Fear & Greed Index for May 8, 2019
This index is a summation of seven indicators explained in detail here.
- Stock Price Momentum: The S&P 500 versus its 125-day moving average
- Stock Price Strength: The number of stocks hitting 52-week highs and lows on the New York Stock Exchange
- Stock Price Breadth: The volume of shares trading in stocks on the rise versus those declining.
- Put and Call Options: The put/call ratio, which compares the trading volume of bullish call options relative to the trading volume of bearish put options
- Junk Bond Demand: The spread between yields on investment grade bonds and junk bonds
- Market Volatility: The VIX, which measures volatility
- Safe Haven Demand: The difference in returns for stocks versus Treasuries
How I use this information:
You can see from the two graphs below that my portfolio is well above its 2018 peak while the S&P 500 with dividends reinvested in SPY is back where it started. This "ratcheting" of returns adds up over time, especially with compounding.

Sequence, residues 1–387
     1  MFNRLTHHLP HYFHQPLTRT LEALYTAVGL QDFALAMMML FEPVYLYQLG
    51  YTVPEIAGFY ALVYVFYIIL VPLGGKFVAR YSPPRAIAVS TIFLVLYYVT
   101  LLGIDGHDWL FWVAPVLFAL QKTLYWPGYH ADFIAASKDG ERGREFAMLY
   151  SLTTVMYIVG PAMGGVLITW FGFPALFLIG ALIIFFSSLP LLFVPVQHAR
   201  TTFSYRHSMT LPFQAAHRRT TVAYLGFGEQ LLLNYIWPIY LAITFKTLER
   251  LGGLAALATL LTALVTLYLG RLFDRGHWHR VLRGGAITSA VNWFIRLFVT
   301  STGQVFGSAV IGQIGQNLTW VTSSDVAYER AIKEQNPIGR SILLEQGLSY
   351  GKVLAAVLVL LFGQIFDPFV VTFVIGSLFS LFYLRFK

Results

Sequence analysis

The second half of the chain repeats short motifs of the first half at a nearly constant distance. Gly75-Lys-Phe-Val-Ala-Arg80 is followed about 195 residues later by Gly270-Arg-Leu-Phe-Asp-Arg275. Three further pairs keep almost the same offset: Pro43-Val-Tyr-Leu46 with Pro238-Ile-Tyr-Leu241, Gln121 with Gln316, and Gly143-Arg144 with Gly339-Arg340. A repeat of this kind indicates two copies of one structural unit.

I use periods of strength with highly bullish sentiment (Max greed on the Fear and Greed charts) to take profits then I use the cash to buy again when others are fearful. You can see from my Explore Portfolio performance graph that this has allowed me to crush the returns of the S&P 500 while having far less risk with typically 60 to 65% in stocks. If you are young, you could probably do even better with more in my Explore Stocks as I did when I was much younger.
And get the May 2019 Issue for FREE!
To understand more about my method, please read these KEY articles:
- Make Money In A Flat Market With Asset Allocation & Market Volatility
- Winning the Zigs, losing on the Zags - Why small investors usually do poorly
- Be Your Own Financial Advisor - Save The High Fees!
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